Bakers Journal

Features Business and Operations
Balancing Act


April 13, 2012
By Kristie Tamsevicius

Topics

What secret do the Bill Gateses of the world know that the rest of us don’t?

What secret do the Bill Gateses of the world know that the rest of us don’t? If you study their lives closely, you’ll discover that successful people are very careful about how they spend their time. No matter how you slice it, we all have 24 hours in a day, so the key lies in learning to use our time wisely. Here are some ways you can dramatically increase your productivity through more effective use of your time.

1. Monitor how you currently use your time: If it seems like your day slips by all too quickly, try creating a log of your daily activities. Once you see where you are spending your time, you can identify and focus on the activities that provide the greatest returns for you personally and financially.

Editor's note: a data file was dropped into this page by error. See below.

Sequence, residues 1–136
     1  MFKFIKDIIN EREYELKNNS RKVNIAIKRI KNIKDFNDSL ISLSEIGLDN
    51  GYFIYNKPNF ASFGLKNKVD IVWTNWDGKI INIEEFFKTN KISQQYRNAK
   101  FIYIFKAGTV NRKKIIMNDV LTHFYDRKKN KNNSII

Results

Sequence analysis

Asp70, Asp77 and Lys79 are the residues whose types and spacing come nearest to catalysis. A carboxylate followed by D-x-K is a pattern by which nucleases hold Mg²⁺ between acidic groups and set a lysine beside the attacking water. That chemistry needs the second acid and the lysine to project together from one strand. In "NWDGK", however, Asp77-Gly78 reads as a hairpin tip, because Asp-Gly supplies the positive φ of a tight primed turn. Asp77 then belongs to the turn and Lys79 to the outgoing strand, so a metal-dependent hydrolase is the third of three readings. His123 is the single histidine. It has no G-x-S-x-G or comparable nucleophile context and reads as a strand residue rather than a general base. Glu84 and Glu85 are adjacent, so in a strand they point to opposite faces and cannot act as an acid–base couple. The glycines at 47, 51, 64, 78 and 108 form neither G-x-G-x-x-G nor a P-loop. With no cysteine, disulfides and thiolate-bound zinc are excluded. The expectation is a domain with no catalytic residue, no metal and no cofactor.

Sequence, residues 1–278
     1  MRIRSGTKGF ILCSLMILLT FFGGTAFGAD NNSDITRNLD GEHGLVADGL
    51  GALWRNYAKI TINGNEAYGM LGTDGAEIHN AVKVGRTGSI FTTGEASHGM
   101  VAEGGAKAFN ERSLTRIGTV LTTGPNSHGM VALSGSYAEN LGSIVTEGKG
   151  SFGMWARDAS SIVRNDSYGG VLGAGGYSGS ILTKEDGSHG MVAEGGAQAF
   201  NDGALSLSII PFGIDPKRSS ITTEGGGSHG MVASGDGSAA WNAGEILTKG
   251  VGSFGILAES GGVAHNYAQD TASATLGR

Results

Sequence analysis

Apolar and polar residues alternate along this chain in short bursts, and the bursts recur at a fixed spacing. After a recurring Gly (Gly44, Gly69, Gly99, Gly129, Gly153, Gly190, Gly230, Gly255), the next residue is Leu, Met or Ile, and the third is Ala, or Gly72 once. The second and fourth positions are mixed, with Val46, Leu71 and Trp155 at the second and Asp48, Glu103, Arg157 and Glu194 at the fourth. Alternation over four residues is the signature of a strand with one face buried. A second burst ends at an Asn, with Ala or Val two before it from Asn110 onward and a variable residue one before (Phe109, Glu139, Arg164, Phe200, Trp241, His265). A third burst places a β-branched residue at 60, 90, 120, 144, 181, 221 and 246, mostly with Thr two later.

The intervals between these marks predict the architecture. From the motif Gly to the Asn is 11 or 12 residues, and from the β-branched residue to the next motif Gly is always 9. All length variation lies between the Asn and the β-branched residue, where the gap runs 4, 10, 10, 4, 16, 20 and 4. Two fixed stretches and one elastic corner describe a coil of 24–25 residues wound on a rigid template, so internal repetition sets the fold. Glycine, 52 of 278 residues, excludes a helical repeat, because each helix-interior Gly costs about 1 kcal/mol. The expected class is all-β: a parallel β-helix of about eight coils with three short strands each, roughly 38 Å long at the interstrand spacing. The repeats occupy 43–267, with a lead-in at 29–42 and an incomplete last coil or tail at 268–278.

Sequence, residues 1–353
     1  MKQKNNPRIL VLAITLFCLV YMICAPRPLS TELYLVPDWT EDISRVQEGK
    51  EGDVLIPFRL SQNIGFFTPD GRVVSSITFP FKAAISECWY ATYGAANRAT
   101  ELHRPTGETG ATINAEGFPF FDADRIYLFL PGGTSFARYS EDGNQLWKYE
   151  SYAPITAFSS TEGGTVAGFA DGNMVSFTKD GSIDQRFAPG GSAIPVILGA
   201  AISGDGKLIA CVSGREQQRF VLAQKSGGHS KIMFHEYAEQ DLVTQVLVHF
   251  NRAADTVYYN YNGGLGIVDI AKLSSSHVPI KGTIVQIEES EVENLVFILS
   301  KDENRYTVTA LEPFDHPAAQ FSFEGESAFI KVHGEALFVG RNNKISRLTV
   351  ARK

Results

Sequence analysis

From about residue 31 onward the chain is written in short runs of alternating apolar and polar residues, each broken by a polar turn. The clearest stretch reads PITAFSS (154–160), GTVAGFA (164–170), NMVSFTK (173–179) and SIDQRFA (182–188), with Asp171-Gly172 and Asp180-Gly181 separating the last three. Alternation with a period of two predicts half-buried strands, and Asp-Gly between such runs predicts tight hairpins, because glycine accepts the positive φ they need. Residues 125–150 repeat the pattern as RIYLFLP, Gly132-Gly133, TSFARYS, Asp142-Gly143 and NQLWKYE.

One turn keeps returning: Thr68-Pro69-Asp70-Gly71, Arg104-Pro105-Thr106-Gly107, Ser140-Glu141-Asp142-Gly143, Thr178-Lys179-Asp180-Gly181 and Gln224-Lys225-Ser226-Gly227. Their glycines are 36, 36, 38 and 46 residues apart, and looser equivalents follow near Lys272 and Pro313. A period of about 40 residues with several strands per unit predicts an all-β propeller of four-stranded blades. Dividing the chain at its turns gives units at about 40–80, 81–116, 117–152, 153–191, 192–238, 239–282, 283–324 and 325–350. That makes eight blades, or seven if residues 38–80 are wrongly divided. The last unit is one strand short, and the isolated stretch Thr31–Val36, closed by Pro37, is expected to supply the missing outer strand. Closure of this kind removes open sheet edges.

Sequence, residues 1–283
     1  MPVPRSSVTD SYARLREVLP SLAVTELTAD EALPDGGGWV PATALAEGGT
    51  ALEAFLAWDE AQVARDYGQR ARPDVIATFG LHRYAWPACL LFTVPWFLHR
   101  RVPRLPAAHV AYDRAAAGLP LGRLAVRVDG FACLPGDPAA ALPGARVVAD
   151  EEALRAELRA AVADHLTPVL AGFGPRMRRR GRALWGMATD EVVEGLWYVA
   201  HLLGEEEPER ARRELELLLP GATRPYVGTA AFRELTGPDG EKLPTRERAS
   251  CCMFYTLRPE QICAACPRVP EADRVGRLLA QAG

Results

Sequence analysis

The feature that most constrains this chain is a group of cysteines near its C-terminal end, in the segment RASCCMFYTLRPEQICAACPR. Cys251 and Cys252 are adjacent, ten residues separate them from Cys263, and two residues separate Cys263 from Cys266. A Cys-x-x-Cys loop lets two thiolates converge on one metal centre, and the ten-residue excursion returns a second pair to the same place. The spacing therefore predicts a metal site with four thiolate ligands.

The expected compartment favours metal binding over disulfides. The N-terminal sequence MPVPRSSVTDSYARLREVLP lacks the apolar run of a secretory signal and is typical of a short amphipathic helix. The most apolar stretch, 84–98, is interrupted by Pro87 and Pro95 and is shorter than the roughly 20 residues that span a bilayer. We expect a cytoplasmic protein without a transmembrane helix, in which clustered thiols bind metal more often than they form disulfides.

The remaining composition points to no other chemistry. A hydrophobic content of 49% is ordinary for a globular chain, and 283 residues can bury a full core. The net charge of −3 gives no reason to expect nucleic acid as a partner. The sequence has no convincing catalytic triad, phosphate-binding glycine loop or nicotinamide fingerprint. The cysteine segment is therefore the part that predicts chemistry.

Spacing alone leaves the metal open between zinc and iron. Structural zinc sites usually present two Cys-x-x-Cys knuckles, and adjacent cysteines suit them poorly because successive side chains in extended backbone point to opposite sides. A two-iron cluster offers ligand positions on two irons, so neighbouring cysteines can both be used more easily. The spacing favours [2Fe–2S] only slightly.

2. Calculate how much your time is worth: Time is money. Knowing how much your time is actually worth can help you make better decisions as to whether you should perform a task or outsource it. For instance, if your time is worth $200 an hour, you are far better off paying someone $30 an hour to edit your newsletter. You can “bank” the other $170 per hour by spending your time on profit-making activities.

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3. Create a daily schedule: Don’t start your day without a to-do list. Make a list of tasks and categorize them into business building activities, client activities, and personal items. Then break bigger unmanageable projects into smaller “doable” chunks so they less intimidating and are easier to accomplish.

4. Prioritize: Have more to do than hours in the day? By prioritizing your tasks, you’ll make sure that you are tackling the items that matter most. Create a system that works for you. One standard way of prioritizing is to mark items with A, B, and C.

Ask yourself these key questions:

  • What items must be done today?